"We must get back there," Rowan said. "We must let Damos and Alustriel know." Her voice rose and there was a note of panic in it.
Misara nodded. "We will. There is a place not too far from here, and portal that will deliver us to the middle of the Evermoors." She looked over at Olpara. "Another one will allow you to travel to a place close to Waterdeep. There you can let Blackstaff and the Paladinson know of this."
"I'm going with you," Olpara said.
"We travel next to the very centre of the Evermoors," Misara told her.
"I know. I want to go with you."
Misara looked at the halfling. She knew that Olpara had been seeking redemption since joining the quest, and before Misara had never believed that she might find it. Now there was something to her, a determination that had been lacking only a short time before, that made Misara think that Olpara could find what she was looking for. "Very well."
Olpara looked relieved.
"We should leave immediately," Rowan said.
"We'll leave in a few hours," Misara told her. "We all need some rest."
"I suppose you are right, as much as I wish to be moving," Rowan admitted. "We'll have to rest eventually, and this is a safe enough place. Safer than the Evermoors will be."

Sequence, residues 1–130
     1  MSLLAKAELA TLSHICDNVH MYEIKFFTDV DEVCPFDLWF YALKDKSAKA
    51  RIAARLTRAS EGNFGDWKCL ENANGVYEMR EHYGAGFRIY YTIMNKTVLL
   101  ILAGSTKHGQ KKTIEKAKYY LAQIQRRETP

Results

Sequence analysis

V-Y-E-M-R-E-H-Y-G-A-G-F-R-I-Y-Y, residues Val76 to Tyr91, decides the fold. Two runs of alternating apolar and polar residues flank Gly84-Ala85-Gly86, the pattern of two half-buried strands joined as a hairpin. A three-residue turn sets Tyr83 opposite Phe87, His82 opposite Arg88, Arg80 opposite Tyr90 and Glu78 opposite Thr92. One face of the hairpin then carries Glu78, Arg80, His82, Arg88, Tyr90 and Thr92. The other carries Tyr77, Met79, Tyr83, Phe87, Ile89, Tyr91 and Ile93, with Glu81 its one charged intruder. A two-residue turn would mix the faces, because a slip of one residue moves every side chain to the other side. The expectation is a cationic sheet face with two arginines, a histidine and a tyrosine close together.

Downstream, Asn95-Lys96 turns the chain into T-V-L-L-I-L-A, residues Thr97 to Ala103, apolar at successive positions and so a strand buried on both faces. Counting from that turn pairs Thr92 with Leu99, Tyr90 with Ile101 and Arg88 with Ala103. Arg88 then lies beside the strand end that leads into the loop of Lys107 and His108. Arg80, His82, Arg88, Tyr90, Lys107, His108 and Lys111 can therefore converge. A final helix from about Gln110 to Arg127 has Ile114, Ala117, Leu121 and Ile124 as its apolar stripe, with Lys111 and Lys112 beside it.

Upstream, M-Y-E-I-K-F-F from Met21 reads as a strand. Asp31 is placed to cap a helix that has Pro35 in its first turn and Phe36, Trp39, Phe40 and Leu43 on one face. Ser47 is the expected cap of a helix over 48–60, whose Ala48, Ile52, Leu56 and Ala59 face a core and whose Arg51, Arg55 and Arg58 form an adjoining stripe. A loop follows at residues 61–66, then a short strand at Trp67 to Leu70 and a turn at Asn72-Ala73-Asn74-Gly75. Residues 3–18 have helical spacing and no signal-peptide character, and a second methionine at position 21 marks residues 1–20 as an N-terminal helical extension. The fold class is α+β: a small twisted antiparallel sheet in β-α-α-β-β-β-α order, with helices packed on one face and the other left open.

"Might I ask you something?" the Historian asked.
"If you wish," Misara told him.
He looked surprised, as if he had not expected such an answer. "I was hoping," he started after a few seconds, "if you might tell me what became of the Ilythiir. I fear that they may no longer be, that I may be the last of my people."
"You are not the last," Misara told him. "Your people have survived, even thrived in their exile."
"They are now called the drow," Rowan told him. "I have heard that they have great cities deep underground. They are powerful, and live their lives in darkness. The light of the sun pains them. If they come to the surface world it is only in darkness. They are among the most evil creatures known in all of Faerûn. All good people fear them, and hate them. Their skin is black as obsidian and the hair pure white."
The Historian turned and looked towards Misara. The look in his face was one of confusion. He wanted to be told that what he had heard was not true. Misara wished she might tell him that. She wished it were not true for so many reasons. She nodded.
A look of horror passed across his face as he turned back towards Rowan. "For the part I must have played in that, I deserve a punishment a thousand times worse than what I suffer now." His voice sounded dead.
"They have lived in exile for a very long time," Misara told him. "They have lived in a very hostile place for a long time, it has made them powerful and cruel. The demands of Lolth, though you would remember her as Araushnee, hone their cruelty, making it as sharp as razors. Some say that it is only the fact that they fight amongst themselves that has kept them from taking the surface.
"I have fought them on many occasions. They are, as Rowan said, hated and feared."